For goats and sheep, it has moved up from P12.00 to P30.00 per goat or sheep while slaughtering a pig will attract a charge of P50.00 from the previous charge of P20.00. Cold Storage costs moves from P25.00 to P50.00 per animal day. The Report explains the charges are meant “to bridge the imbalance between abattoir running expenses and the income generated from providing the service.”
Hiring of classroom has seen a 100% increase from P300.00 per night to P600.00.Booking a classroom for a meeting will cost P100.00 per an hour. It was previously charged P25.00 hourly. Hiring of a pot also moves from P25.00 to P100.00. According to the report, the justification for an increment on these items is because “a lot of expenses are incurred in paying for utilities and maintenance of schools.” The report also says that Selebi Phikwe is a town with accommodation facilities in place for use.
Under Civil and Mechanical, reinstatement of roads moves form P775.00 per an hour to P900.00. The report says this is due to an increase in maintenance costs and payment of employees. Equipment hire has also increased by 22% for both Front End Loader and small TLB (Backhoe Loader). The bigger TLB, Grader and Roller has seen an increase of 20%, 15% and 33% respectively. The hikes according to the report are meant to “augment for the repair costs and payment of officers which increase overtime.”
New fees Introduced
Tables, chairs, plants and florist services which were previously not charged for will now carry a charge. Table and chair hire will cost P10.00 and P2.00 respectively while hire for plants and florist services will cost P20.00 and P800.00 respectively. Other new fees include among others charging P1, 000.00 per day for use of open space by industrial or commercial entities while Non-Governmental Organisations will pay P370.00 for the same. Driving Schools will have to pay P250.00 monthly while celebrations and churches will pay P300.00.
The Council will now sell some documents which it has been previously issuing out for free. A 1.5, 2.5 and three roomed house plan will cost P100.00, P150.00, and P200.00 respectively. Maps in various sizes will also be on sale at P20.00 (A4), P30.00 (A3), P40.00 (A2), and P50.00 (A1).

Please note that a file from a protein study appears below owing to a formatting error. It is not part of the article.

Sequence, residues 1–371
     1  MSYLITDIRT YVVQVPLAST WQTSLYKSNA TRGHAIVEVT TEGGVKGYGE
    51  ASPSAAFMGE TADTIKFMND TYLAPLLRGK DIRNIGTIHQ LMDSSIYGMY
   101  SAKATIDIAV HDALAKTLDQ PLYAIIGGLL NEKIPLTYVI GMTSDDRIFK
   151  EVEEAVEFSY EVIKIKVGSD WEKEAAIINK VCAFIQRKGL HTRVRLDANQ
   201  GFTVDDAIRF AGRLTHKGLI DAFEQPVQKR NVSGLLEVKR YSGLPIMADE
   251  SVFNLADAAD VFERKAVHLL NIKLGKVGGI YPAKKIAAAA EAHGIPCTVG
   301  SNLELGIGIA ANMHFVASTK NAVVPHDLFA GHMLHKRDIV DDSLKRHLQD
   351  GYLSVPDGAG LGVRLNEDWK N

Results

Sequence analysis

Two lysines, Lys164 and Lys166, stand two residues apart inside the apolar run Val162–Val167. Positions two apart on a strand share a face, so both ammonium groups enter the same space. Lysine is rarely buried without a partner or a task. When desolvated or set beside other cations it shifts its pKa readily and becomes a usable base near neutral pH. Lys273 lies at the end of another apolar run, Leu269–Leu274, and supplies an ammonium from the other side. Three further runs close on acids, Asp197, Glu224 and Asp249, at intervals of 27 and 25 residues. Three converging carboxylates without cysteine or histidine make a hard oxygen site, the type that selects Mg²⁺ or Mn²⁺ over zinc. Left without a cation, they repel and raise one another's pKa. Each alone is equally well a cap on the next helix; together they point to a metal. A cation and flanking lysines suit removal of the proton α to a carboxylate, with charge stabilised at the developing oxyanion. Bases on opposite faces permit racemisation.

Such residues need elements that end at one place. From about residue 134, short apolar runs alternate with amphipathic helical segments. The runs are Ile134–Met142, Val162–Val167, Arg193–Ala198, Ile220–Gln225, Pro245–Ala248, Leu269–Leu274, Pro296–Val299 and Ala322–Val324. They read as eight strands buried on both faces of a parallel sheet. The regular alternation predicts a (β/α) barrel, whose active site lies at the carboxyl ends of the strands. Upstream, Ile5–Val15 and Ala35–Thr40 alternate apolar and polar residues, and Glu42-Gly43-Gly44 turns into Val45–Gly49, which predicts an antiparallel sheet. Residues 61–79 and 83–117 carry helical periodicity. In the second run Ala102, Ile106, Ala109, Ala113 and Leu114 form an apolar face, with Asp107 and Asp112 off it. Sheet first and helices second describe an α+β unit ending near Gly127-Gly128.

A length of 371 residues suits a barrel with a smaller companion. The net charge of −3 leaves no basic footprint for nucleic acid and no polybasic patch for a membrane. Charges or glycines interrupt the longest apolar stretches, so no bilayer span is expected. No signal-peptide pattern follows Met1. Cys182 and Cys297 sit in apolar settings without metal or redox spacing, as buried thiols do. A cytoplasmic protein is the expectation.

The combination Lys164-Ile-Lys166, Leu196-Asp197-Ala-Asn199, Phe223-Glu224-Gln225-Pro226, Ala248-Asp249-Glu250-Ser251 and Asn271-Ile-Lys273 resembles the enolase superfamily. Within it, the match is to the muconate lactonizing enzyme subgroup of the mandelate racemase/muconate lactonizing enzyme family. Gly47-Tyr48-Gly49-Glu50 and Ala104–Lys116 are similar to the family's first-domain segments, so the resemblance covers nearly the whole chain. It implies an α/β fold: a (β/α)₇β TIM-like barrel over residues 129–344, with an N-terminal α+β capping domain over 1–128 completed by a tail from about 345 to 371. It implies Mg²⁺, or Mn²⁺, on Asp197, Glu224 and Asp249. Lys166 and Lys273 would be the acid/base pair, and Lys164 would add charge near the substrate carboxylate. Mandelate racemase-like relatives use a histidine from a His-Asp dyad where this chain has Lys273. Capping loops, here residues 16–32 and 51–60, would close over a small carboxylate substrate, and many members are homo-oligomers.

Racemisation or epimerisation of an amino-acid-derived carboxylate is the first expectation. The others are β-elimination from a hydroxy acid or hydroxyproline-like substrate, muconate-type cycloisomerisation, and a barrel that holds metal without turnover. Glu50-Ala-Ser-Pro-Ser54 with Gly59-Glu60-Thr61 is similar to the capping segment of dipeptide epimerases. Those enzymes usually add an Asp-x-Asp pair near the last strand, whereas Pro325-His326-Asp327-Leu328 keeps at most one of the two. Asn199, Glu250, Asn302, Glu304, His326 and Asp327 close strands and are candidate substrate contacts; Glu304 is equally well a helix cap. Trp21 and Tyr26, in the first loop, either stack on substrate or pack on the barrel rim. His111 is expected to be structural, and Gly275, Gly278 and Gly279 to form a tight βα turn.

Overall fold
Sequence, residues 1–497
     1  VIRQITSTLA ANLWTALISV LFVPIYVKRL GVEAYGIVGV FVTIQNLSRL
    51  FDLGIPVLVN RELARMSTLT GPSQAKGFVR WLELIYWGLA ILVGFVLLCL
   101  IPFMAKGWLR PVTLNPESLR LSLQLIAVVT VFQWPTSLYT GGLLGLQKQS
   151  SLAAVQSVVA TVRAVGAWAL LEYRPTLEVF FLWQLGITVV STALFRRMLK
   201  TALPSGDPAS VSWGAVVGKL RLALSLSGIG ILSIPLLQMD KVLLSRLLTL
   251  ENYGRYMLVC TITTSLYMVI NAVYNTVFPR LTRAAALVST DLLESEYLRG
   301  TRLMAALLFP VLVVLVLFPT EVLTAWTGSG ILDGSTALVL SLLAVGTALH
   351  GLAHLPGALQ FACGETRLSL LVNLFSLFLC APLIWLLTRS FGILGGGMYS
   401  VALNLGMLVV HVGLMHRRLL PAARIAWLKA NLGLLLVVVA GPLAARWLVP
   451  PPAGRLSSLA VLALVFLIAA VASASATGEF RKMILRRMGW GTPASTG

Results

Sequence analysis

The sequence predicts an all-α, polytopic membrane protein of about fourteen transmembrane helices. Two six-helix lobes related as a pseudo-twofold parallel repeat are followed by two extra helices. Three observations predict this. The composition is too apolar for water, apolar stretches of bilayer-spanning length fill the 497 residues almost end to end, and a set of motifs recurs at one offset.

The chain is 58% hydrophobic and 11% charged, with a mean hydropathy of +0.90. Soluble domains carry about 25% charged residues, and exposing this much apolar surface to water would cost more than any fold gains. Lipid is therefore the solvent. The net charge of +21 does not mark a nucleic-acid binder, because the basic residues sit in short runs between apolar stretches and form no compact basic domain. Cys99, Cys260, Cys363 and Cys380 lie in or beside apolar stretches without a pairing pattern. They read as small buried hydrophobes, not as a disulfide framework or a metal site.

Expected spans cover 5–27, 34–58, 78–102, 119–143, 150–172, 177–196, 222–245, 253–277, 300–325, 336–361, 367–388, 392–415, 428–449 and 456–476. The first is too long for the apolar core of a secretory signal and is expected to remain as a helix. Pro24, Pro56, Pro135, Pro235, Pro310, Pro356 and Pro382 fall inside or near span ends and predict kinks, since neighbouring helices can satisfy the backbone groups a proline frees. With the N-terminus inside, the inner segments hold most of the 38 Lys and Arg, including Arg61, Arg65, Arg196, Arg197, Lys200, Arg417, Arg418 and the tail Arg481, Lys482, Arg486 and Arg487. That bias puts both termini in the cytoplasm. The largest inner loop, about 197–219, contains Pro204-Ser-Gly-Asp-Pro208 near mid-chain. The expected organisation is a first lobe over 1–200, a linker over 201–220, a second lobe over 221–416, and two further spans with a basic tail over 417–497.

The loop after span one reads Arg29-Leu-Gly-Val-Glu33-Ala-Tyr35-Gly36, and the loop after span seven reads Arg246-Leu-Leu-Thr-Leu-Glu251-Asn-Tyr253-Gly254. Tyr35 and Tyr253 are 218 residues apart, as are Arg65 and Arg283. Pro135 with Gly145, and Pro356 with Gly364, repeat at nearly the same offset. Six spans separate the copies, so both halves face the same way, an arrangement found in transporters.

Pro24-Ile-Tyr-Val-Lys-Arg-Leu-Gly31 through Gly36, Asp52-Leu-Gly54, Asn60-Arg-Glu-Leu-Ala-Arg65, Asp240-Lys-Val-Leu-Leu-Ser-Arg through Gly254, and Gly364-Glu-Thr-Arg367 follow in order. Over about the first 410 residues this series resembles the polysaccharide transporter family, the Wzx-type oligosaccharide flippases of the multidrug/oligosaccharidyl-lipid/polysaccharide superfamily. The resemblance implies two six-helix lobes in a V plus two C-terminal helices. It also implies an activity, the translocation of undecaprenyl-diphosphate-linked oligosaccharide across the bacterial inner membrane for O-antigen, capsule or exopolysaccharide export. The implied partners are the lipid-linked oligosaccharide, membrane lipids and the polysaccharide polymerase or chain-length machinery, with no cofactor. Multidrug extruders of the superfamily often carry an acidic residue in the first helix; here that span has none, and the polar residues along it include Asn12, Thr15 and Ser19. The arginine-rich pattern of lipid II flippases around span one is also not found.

Under Physical Planning, Housing and Estate Management, perusal fees for planning permission and application fees have been introduced. Low Income Residential (SHAA) will cost P500.00 while other non SHAA residential will be charged P750.00. A P1, 000.00 will be charged for non-residential plans like commercial industrial, civic and others. However, there has been no increase for domestic waste collection for both industrial and residential, Skip Hire, incineration and clinical waste collection and disposal.
Here is how one Permanent Secretary encapsulates the clear tension between democracy and bureaucracy in Botswana: “President Mokgweetsi Masisi’s Government is behaving like a state surrounded with armed forces in order to capture it or force its surrender. The situation has turned so volatile, for tomorrow is not guaranteed for us top civil servants.
These are the painful results of a personalized civil service in our view as permanent secretaries”. Although his deduction of the situation may be summed as sour grapes because he is one of the ‘victims’ of the reshuffle, he is convinced this is a perfect description of the rationale behind frequent changes and transfers characterising the current civil service.
The result of it all, he said, is that “there is too much instability at managerial and strategic levels of the civil service leading to a noticeable directionless civil service.” He continued: “Changes and transfers are inevitable in the civil service, but to a permissible scale and frequency. Think of soccer team coach who changes and transfers his entire squad every month; you know the consequences?”
The Tsunami has hit hard at critical departments and Ministries leaving a strong wave of uncertainty, many demoralised and some jobless. In traditional approaches to public administration, democracy gives the goals; and bureaucracy delivers the technical efficiency required for implementation. But the recent moves in the civil service are indicative of conflicting imperatives – the notion of separation between politicians and administrators is becoming blurred by the day.